The Aussie’s have lots of depth in their bowling and their pace attack, spearheaded by Cummins and Starc, bowled great areas, and Cummins who you can bet your house on to perform was outstanding with the ball in hand.  His introduction into the Captaincy role couldn’t have been a smoother transition even if you were to script it (they call him Mr Perfect for a reason).  It was the Aussie Newcomers to the test side that I thought we gave too much to.  Richardson and the incredible finds in Boland and Green all bowled really well by hitting good lengths and they used some variation and extracted movement and bounce from wicket’s which definitely assisted the bowlers.  However, I think we made them look way better than they were.  Granted they didn’t bowl many bad balls but we let them bowl the way they did to us.  The way our batters were playing at balls that were on the 4th/ 5th stump line to snick off not once but numerous times throughout the series was not just frustrating but down right poor.  I appreciate that the pressure and intensity is daunting in front of Australian crowds when you’re facing what you are facing, but they are meant to be the best we’ve got? We made the same mistakes over and over again and we became predictable. 

To try not be all doom and gloom (can you blame me?), there were a few good performances to note with the bat; Bairstow’s ton at the SCG (the only Englishman to score a 100 on this tour) and I thought Crawley looked class at times with some great crisp timing of the ball.  He drives and latches on to anything short very well but he is a shot a ball man and he needs to reign that in.  Also, I’ll give Stokesy his dues with a couple of 50+’s; he showed grit playing throughout the pain but was not surprisingly anywhere near his best!  In comparison Joe Root, our best batsman, failed to capitalise on the starts he made, looked knackered and completely drained by the end of it, which, is understandable under the circumstances.  It’s just another example of it being evident that there’s far too much pressure put on him when we implode.  Root is a brilliant batsman no doubt about it; however, as a Captain he seems to run out of ideas when we are up against it and it looks like he just hopes for the best sometimes. The truly unfortunate thing is that he is all we’ve got regards a Skipper and there are no replacements really in the current team who have the leadership credentials (and wants to do it) as another option.

So, what now?

Covid can’t be used as a scapegoat anymore and be the reason given as to why we are not playing well enough or why we were unprepared.  We can’t go on from here now thinking things will work themselves out by keeping things as they are?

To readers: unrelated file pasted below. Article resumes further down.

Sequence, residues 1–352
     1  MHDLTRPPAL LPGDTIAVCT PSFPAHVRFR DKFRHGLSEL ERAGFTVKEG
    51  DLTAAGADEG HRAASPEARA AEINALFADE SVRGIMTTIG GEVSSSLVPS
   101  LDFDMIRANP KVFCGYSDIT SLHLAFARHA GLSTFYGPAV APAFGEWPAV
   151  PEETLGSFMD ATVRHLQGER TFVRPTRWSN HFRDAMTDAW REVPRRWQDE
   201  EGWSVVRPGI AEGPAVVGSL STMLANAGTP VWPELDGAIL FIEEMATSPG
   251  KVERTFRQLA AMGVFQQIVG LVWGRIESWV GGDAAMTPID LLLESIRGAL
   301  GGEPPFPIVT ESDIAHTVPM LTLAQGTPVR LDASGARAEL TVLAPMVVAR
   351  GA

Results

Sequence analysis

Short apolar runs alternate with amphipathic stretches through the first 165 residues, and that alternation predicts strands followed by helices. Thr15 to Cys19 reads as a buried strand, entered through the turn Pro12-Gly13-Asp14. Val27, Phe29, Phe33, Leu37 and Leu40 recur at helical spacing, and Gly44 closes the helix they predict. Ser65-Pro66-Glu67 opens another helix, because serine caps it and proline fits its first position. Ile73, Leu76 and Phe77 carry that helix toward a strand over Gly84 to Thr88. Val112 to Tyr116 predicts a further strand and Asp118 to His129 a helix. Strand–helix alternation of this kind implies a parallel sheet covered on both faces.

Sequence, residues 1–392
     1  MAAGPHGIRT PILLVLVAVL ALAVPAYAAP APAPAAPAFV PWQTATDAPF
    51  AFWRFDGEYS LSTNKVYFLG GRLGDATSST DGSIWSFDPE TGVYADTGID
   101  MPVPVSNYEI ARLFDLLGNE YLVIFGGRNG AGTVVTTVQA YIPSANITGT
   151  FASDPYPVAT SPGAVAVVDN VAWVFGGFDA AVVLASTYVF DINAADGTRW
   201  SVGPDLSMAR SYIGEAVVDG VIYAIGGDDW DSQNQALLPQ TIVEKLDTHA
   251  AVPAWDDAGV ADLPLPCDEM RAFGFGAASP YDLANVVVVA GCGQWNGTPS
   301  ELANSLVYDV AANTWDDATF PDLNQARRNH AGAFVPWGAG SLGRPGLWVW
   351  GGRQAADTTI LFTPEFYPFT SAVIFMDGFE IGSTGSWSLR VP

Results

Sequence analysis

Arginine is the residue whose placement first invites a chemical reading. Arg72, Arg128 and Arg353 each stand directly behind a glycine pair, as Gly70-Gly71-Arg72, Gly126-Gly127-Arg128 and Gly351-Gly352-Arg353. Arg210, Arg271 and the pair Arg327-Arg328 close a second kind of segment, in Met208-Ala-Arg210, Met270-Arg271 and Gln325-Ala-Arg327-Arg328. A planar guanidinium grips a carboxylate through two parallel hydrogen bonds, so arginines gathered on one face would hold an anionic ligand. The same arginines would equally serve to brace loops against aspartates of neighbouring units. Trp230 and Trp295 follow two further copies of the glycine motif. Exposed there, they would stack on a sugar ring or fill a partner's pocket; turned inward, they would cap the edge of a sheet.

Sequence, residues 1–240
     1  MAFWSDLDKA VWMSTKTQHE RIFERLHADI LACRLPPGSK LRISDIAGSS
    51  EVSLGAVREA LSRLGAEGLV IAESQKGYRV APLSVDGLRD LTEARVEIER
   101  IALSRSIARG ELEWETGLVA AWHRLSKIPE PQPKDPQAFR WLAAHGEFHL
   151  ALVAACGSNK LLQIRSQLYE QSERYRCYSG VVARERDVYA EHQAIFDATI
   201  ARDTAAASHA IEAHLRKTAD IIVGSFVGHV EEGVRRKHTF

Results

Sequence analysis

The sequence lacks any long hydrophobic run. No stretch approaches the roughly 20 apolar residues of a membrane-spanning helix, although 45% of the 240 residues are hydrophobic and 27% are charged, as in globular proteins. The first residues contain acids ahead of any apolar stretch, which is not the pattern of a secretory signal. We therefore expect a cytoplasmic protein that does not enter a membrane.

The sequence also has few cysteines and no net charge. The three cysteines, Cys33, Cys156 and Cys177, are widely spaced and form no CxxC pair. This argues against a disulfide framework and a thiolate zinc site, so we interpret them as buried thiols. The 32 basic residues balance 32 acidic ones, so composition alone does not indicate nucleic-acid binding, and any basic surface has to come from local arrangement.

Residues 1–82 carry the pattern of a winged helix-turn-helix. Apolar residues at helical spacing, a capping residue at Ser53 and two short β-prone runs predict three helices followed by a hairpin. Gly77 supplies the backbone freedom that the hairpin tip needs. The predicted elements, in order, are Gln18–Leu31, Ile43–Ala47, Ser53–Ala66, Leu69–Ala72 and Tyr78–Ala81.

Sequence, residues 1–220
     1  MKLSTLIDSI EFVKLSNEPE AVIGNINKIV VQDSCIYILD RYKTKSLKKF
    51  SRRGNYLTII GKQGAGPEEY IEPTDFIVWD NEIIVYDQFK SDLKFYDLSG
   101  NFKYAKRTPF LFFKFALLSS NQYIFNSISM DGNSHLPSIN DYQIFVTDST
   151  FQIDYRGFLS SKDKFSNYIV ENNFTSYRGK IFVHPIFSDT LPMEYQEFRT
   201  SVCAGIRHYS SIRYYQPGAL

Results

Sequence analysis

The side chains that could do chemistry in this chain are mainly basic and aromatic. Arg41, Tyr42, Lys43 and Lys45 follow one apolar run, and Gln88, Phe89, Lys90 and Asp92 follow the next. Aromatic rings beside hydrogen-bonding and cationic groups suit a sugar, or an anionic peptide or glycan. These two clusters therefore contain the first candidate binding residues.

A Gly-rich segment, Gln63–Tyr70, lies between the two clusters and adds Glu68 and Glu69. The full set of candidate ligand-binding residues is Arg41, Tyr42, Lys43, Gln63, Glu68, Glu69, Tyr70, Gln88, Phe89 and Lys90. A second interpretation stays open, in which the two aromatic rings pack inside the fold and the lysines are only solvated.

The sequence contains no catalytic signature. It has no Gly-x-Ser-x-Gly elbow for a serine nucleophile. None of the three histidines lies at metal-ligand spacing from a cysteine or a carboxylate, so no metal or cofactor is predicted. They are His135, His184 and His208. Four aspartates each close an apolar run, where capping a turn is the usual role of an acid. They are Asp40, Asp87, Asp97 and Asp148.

Silverwood in my opinion does not seem like a coach the team will run through brick walls for.  I think one of the biggest things that hurt was the way we surrendered on that last day in Hobart, losing 10 wickets for 56 runs. Gutting.  It required someone to stand up, be accountable and dig in, which no one did!  Chasing down that total was very achievable.  We caved under the pressure.  Undoubtedly it was the worst collapse of the tour but it also suggests to me that Silverwood hasn’t got the boys behind him.  He doesn’t seem the type to crack the whip when were under the pump - I appreciate some player’s need an arm round them sometimes to get the best out of them but equally if you’re going to shrivel up after a rollicking, you’re probably not cut out for the job.  I honestly think it needs to be done sometimes especially at this level; player’s do need a rocket and it can be the catalyst to get their tickers going, as long as it’s done in a way that’s constructive, has value and is from a person(s) that can show proof in their proverbial pudding. To not play Broady and Jimmy however on an absolute green top in the first test at the Gabba, will remain forever as one of the great mysteries (I understand it would have been a joint decision).  

So, who could successfully coach the England cricket side? I don’t even know who would be in the running for it, maybe Kirsten?  ’Big Sam’ Allardyce?  Who knows, but going forward we do need a change with a huge emphasis to be placed on red ball Cricket.  The overall standard of County Cricket also needs to be as high as it can be consistently so we can produce test match batsmen.  It was very apparent we were totally undercooked going into this.

So, a few of the things that I’m taking from this farce of an Ashes tour was that our only shining light for England was Mark Wood who bowled his heart out and thoroughly deserved his best test figures of 6-37 as well as earning his step at the Bellerive Pavilion.  The argument over whether Bairstow should be a permanent fixture in the test team is simply a YES from me; of course, he should.  Lastly, Warner got a pair, Broad hates Robots, and when Ollie Robinson comes out from hiding behind the square leg umpire, he needs to get fit and lose some timber.

What you would like to see change in the England team set up?